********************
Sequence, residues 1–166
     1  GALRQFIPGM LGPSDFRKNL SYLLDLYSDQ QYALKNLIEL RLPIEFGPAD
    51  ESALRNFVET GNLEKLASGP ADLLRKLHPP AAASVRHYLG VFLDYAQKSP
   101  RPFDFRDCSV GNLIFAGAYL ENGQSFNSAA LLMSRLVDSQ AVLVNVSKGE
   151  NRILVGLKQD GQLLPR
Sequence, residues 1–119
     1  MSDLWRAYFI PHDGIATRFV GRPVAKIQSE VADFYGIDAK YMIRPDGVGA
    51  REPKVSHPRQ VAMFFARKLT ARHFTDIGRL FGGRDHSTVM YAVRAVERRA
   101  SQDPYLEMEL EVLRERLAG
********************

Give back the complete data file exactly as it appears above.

Sequence, residues 1–166
     1  GALRQFIPGM LGPSDFRKNL SYLLDLYSDQ QYALKNLIEL RLPIEFGPAD
    51  ESALRNFVET GNLEKLASGP ADLLRKLHPP AAASVRHYLG VFLDYAQKSP
   101  RPFDFRDCSV GNLIFAGAYL ENGQSFNSAA LLMSRLVDSQ AVLVNVSKGE
   151  NRILVGLKQD GQLLPR
Sequence, residues 1–119
     1  MSDLWRAYFI PHDGIATRFV GRPVAKIQSE VADFYGIDAK YMIRPDGVGA
    51  REPKVSHPRQ VAMFFARKLT ARHFTDIGRL FGGRDHSTVM YAVRAVERRA
   101  SQDPYLEMEL EVLRERLAG